Distal Transradial Access for Coronary Angiography and Percutaneous Coronary Intervention.
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|ClinicalTrials.gov Identifier: NCT03948165|
Recruitment Status : Completed
First Posted : May 13, 2019
Last Update Posted : May 14, 2019
Introduction: The distal radial technique which consists of canalizing the radial artery through the anatomical snuffbox has recently emerged as an alternative arterial intervention for diagnostic and therapeutic coronary catheterization.
Aims: To evaluate the feasibility and safety of the distal transradial approach (dTRA) as a default route for coronary angiography (CAG) and percutaneous coronary intervention (PCI).
|Condition or disease||Intervention/treatment|
|Coronary Artery Disease||Procedure: Distal Transradial Access|
Conventional transradial intervention is now considered the first intention technique for coronary access. The principal advantages are the increase in safety due to the reduction of major bleeding complications, as well as an increase in the patient's comfort due to the immediate post-procedure mobilization.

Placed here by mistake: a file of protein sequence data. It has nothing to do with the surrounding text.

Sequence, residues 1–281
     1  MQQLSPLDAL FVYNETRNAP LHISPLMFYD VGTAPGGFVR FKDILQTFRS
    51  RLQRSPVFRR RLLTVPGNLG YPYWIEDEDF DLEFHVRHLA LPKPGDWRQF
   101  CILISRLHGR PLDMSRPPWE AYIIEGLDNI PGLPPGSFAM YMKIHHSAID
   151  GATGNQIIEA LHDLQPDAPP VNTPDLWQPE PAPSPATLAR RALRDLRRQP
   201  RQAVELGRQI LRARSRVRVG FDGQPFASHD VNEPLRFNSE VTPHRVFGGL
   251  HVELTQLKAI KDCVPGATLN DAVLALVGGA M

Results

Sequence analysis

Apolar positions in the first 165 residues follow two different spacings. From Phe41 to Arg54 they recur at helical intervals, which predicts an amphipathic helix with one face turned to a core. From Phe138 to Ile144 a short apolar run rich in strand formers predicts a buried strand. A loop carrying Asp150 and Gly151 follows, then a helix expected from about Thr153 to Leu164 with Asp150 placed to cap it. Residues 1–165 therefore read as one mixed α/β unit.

The safety of conventional transradial catheterization is determined mainly by the favorable anatomical relationship between the radial artery and the adjacent structures. No important vein or nerve is located near the artery, which minimizes the chances of damaging these structures. Due to the superficial trajectory of the radial artery, hemostasis can be easily performed with local compression. Traumatic or thrombotic arterial occlusion does not put the viability of the hand at risk while there is an adequate collateral blood flow from the ulnar artery, or from the interosseous artery.
Among the expected complications and limitations for future interventions is radial artery occlusion, which is estimated to occur in 1-10% of patients undergoing transradial intervention, and it has been considered the "Achilles heel" of transradial intervention for patients who eventually require new coronary interventions due to the complexity of their cardiac disease, because it originates in the sheath insertion site due to endothelial damage, blood flow cessation, and secondary thrombosis, and has an early occurrence after transradial catheterization. The radial artery occlusion is clinically silent due to the blood flow supply through the ulnar artery, which becomes a significant problem just at the time of the study execution, enhancing the interventionist cardiologist to perform a new vascular access.
The distal radial technique, which consists of canalizing the radial artery through the anatomical structure called the snuffbox (anatomical snuffbox, radial fossa, fovea radialis) on the dorsal aspect of the hand, has recently emerged as an alternative arterial intervention for diagnostic and therapeutic coronary catheterization, allowing the conservation of the radial artery for classical transradial intervention in patients who, according to the complexity of their heart disease, require new coronary interventions.